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Posted by: nina-karnovsky | July 25, 2010 | No Comment |

The following is an update from Nik’11 who is working on an independent summer research project assessing the quality of herring habitat in MA in order to determine places where dam removal and restoration would be most beneficial for the herring.

Written by Nik:

There are two species of them: blueback herring (Alosa aestivalis) and the alewife (Alosa pseudoharengis).

Both are anadromous, which means that they live in the ocean but spend their youth in streams (for the blueback) and ponds (for the alewives). Every spring around April and May, millions of river herring swim up streams and rivers across the Atlantic Seaboard from Nova Scotia Florida. Each female will lay around 100,000 eggs, but most of the eggs and juveniles become food for other organisms. In fact, river herring are pretty much the Happy Meal equivalent for animals as diverse as striped bass, herons, snapping turtles, shad, seals, humans, and blue fish. The spawning run in spring and the fall migration of the juvenile herring to the sea is like one big all-you-can eat buffet.

That is, it was until river herring populations began a long decline back in the 18th century. Dams that block the herring’s upstream migration are one problem; another more recent one is bycatch by giant commercial trawlers for Atlantic herring that inadvertently sweep up hundreds of thousands of herring at once in their football field-sized nets. This decline led the Massachusetts Division of Marine Fisheries to announce a moratorium on the river herring fishery in 2005; state populations are just starting to recover.

For my project, I decided to focus on dams. If we could remove dams and restore herring runs, I thought to myself, there would be a bigger all-you-can-eat buffet, and more Happy Meals that would in turn lead to Happier bass, herons, turtles, seals, and even humans!!! etc. etc… You get the idea. And passage would not only be restored for river herring, but also brook trout, rainbow smelt, the American eel, American shad, the brook lamprey, and a number of other fish.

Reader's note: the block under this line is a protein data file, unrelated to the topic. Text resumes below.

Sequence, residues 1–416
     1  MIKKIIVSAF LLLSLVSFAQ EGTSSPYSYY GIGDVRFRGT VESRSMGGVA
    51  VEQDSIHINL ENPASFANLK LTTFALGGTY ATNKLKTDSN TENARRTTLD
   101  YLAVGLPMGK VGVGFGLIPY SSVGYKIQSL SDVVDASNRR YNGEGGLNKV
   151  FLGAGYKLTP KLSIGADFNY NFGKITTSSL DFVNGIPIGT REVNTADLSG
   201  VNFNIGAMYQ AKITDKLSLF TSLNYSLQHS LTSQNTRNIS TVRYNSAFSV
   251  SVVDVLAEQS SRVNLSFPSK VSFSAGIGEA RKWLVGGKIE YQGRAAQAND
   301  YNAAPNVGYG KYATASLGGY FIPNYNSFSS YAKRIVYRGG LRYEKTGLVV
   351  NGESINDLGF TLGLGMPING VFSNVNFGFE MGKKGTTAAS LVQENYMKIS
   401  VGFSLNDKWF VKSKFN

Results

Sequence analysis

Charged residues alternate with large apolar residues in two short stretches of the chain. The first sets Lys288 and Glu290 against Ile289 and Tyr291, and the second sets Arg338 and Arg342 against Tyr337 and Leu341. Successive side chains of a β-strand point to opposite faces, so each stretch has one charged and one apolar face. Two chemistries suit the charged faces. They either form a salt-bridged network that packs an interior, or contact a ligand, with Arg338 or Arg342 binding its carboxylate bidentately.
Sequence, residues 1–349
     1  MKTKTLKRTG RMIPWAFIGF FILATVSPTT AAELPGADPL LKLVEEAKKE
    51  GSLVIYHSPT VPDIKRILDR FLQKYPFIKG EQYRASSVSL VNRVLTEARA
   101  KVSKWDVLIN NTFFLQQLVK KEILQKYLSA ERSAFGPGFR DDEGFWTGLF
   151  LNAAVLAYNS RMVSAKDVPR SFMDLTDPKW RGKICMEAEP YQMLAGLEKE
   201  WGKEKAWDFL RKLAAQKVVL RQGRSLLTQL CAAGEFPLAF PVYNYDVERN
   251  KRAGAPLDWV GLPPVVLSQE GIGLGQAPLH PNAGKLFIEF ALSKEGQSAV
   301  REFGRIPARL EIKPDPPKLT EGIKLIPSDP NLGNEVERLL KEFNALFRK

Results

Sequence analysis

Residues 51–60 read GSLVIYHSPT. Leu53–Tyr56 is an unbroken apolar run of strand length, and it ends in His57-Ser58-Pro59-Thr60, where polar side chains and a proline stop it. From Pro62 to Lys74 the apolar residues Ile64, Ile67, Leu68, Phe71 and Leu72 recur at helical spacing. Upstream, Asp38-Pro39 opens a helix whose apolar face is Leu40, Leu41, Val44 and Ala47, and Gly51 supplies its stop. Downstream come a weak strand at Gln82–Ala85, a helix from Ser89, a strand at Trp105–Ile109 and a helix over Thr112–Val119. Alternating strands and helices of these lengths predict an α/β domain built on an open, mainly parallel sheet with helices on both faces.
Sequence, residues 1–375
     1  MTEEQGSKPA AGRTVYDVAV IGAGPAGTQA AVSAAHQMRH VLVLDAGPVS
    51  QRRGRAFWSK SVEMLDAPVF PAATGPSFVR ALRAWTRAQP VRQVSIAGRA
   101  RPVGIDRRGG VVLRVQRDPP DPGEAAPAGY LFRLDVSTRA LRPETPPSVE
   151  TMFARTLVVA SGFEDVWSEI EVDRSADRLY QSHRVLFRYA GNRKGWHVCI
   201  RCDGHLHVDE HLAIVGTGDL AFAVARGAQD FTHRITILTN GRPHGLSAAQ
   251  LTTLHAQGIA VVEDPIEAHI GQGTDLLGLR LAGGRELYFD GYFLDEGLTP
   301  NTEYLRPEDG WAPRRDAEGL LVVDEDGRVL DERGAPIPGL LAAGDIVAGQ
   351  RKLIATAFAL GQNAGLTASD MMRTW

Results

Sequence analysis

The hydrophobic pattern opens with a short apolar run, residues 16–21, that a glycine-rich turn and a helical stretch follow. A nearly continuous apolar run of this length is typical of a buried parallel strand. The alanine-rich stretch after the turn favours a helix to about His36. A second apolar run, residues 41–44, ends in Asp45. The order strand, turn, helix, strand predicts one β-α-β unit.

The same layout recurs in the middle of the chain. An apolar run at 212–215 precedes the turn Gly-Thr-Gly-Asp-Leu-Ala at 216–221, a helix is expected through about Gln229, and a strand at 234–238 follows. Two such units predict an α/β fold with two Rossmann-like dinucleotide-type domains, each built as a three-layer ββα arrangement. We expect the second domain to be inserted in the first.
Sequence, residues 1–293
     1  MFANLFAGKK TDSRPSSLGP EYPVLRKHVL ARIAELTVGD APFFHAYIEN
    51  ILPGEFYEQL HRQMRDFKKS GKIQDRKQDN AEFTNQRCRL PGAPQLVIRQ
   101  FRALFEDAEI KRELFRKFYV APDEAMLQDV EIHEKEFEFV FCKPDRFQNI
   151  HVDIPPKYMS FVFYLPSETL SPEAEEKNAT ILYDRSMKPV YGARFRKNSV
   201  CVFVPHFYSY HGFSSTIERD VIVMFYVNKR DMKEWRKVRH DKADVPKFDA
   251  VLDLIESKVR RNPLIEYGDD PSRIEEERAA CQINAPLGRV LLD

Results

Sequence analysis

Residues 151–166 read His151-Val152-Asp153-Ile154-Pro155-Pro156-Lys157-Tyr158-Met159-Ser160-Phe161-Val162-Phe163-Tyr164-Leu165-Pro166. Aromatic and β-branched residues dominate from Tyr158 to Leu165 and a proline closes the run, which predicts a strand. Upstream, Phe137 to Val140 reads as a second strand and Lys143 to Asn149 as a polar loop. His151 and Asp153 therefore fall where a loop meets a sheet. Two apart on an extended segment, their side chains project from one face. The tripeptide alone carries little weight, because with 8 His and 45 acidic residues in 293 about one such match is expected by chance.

But before removing the dam, it helps to know whether or not the habitat upstream is good for the river herring. This can help get people interested in dam removal (“you know, it would be great to remove this dam because the habitat IS actually really good for the herring — here’s the data”) and also help the folks at the Division of Ecological Restoration and American Rivers (and other dam-removal-oriented groups with $) decide which dams to prioritize for removal. Plus, I can test my own hypotheses about how the dams are affecting the brook and river and pinpoint other problems (like streams running dry because of people using too much water — http://www.wickedlocal.com/hanover/topstories/x553801786/Hanover-Water-restrictions-in-effect).

Taking measurements of temperature and oxygen levels.

So, after setting up my project (getting equipment, talking to the Division of Marine Fisheries, fine-tuning protocols, etc.) I have spent a little more than the past month monitoring 2 herring runs in-depth using the Division of Marine Fisheries’ protocol for river herring habitat assessment on the Satucket River and the Third Herring Brook (a stream that begins in my backyard). I collect data on five quantitative parameters — dissolved oxygen, pH, conductivity, salinity, and temperature — as well as several more qualitative observations like eutrophication, passage and passage impediments, and spawning substrate. So far both main spawning ponds look A-Ok for the juvenile herring, which is good since it’s been a hot July.

Painted turtle

I am sincerely hoping that dam removal projects on both the Satucket and 3rd Herring Brook get kickstarted by my work! Knock on wood. More later.

Damselfy on data!

Amy Briggs’10 (see Prairie posts) came out and helped! 

Great Company makes for Great Times on the river!

Amy'10 at the river.

Filed under: Herring, News

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